15 Feb. 1214 landed at Rochelle, which still belonged to him, at the head of a large force. Having gained some trifling successes in the neighbourhood of Rochelle, he was soon joined by several Poitevins, and in May 1214 attacked the possessions of Geoffrey de Lusignan. The Lusignans, Hugh le Brun, count of La Marche, the Count of Eu, and Geoffrey, his ancient enemies, made a treaty of alliance with him at Partenay, and he promised his daughter Joan in marriage to Hugh's eldest son. Thus reinforced, and having regained part of Poitou, he advanced into Anjou, where he took Beaufort, Ancenis, and on 17 June Angers. On the 19th he formed the siege of Roche-aux-Moins, a strong fortress which commanded the road between Angers and Nantes. It was obstinately defended. The siege is said to have lasted three weeks, though it probably ended on 3 July (comp. William of Armorica with Hardy, Itinerary). Louis, Philip's eldest son, advanced to its relief, and when he was within about a day's march John, finding that the Poitevin lords would not fight, and believing that he was betrayed, broke up his camp, and, leaving his siege train behind him, retreated in disorder across the Loire, and on the 9th again took up his quarters at Rochelle. Louis quickly regained the places in Anjou which John had taken. On the 27th the combined forces of the emperor, the English under Salisbury, the Flemish, the Lorrainers, and the other allies were defeated by Philip at the decisive battle of Bouvines on the river Margne, and the confederacy which threatened France on the north-east was crushed. The defeat reduced John to utter impotence. On the approach of Philip his allies openly deserted him, and made their peace with the French king, who about 14 Sept. granted John a truce for five years. John returned to England on 15 Nov. completely discredited. During his absence the interdict had been removed on 29 June, and the barons had held a meeting at St. Edmunds, at which they swore that, unless the king granted a charter of liberties on the lines of the charter of Henry I, they would resort to arms. They determined to make their demands after Christmas, and meanwhile to prepare for resistance. John, who had spent on the war in Flanders forty thousand marks wrung from the Cistercians, demanded a scutage from the lords who had not helped him in his late expedition. Some agreed, but the northern lords refused to pay, and the matter was deferred. He attempted to break the alliance between the prelates and nobles by granting a charter on 21 Nov. providing for canonical elections, but the device failed.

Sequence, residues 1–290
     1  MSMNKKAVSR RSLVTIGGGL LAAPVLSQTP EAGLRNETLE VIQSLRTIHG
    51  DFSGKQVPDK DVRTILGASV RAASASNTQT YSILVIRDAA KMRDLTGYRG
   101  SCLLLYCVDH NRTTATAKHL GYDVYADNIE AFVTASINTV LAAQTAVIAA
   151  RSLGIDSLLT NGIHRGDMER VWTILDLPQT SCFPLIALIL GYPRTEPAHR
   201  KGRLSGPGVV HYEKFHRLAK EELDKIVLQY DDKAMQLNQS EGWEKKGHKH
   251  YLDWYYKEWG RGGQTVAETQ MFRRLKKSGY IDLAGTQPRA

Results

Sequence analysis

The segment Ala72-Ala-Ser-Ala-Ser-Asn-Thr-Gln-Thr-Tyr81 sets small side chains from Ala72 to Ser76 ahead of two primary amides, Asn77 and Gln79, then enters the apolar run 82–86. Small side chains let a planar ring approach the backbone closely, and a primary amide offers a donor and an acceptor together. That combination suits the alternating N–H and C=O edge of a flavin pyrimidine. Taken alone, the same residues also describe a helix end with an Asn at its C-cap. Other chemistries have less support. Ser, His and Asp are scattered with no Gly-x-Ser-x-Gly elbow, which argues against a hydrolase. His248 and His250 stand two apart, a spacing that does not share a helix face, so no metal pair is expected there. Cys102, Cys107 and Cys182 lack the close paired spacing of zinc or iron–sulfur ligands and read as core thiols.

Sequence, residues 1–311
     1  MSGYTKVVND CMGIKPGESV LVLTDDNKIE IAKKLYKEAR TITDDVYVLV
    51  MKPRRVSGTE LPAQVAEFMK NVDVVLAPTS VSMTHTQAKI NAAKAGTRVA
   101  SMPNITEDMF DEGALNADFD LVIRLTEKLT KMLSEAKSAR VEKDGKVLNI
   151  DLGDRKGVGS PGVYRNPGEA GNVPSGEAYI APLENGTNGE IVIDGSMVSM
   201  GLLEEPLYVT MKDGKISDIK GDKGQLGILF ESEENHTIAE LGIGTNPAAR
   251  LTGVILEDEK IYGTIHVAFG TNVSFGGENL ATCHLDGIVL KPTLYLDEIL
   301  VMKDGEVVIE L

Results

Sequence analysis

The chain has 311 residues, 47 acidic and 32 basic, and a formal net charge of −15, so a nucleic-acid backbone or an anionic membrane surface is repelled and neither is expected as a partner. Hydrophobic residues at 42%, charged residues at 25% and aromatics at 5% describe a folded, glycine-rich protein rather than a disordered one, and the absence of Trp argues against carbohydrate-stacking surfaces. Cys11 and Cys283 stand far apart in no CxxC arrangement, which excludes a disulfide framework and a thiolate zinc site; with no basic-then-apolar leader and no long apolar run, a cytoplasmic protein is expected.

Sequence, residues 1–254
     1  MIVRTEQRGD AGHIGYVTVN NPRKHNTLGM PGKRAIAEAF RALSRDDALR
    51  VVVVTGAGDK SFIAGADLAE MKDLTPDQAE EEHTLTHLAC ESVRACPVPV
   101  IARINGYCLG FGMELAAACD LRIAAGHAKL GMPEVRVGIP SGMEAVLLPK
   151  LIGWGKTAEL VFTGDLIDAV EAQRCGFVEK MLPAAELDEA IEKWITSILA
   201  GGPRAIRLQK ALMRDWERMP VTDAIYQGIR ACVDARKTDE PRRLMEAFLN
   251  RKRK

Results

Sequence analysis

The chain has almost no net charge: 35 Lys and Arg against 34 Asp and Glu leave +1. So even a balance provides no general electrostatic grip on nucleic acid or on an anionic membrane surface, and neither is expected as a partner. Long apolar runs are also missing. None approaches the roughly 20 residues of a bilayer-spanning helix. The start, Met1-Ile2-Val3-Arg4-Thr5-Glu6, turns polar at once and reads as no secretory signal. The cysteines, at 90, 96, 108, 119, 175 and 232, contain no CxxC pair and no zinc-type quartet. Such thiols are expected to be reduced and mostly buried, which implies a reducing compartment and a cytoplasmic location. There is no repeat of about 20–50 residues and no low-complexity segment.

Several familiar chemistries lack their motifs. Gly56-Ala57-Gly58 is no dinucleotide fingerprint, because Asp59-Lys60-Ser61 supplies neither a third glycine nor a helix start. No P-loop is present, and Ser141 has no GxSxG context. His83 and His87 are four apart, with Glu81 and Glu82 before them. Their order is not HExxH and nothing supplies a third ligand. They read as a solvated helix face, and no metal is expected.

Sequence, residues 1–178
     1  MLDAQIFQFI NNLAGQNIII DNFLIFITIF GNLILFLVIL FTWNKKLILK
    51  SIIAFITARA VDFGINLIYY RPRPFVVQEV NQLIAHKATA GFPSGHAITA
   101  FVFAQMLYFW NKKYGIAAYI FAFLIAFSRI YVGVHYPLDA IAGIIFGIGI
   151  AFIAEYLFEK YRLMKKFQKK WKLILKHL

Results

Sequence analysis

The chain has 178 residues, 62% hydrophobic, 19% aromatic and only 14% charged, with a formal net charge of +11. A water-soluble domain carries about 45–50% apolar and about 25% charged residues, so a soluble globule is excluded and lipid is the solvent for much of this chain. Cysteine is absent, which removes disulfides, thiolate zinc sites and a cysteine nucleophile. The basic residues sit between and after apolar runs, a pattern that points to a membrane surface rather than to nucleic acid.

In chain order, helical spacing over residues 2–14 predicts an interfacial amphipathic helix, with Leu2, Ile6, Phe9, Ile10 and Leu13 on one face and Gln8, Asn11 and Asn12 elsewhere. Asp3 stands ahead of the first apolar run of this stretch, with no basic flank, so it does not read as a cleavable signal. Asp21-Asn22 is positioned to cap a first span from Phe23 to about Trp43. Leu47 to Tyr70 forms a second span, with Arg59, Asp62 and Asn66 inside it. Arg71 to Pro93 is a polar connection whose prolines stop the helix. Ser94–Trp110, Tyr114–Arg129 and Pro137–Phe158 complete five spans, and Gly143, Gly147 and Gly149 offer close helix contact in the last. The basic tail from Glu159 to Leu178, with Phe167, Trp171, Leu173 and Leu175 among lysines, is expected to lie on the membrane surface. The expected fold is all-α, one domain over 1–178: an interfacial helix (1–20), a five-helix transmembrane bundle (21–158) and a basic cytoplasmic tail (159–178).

After holding his Christmas court hurriedly at Worcester, John went to London and lodged at the Temple, where, on 6 Jan. 1215, the barons who had met at St. Edmunds came to him in arms and demanded certain liberties. Alarmed at their steadfast manner he requested that the matter might stand over until after the first Sunday after Easter (26 April), and as he unwillingly consented that the archbishop, the Bishop of Ely, and William Marshall should bind themselves that he should then give them satisfaction, the barons agreed. In order to strengthen himself, he again published the charter to the church, and offered privileges to the barons, caused an oath of fealty and homage to be taken throughout England, on 4 March took the crusaders' cross at London, and sent word to the pope that a revolt was being plotted. Innocent exhorted him to listen to all just demands, and at the same time wrote to the archbishop forbidding plots against the king. In Easter week the northern lords assembled at Stamford, and a general gathering was held at Brackley in Northamptonshire, on the expiration of the truce. John sent to ask their demands, and they sent him a schedule of them, adding that if he did not grant them they would make war upon him. John indignantly refused, declaring that to grant what they asked would make him a slave. They defied him, chose Robert FitzWalter for their captain, with the title of marshal of the army of God and of holy church, threatened some royal castles, and marched to London. John left the city on the 9th and went to Windsor, and on the 24th the barons were welcomed by the London citizens. Risings against the king's officers broke out in Devonshire and Northamptonshire, the barons besieged the Tower, and the northern party seized Lincoln. Meanwhile John went into Wiltshire, and remained there quietly until the middle of May, and at the end of the month moved to Windsor Castle. During this time he sent abroad for mercenaries, and complained to the pope; his party dwindled rapidly, and fearing lest the barons should become masters of his castles he promised to grant their demands. A conference was arranged for 9 June 1215 and put off to the 15th, when John met the barons at Runnymede, between Staines and Windsor. He was attended by Archbishop Stephen and several bishops, by Pandulf and a few lay nobles. The barons presented their articles, and John set his seal to the Great Charter (Magna Carta) which was framed upon them (Select Charters, pp. 281-98). In the charter the liberties of all classes alike were carefully guarded. His tyranny had set the men of every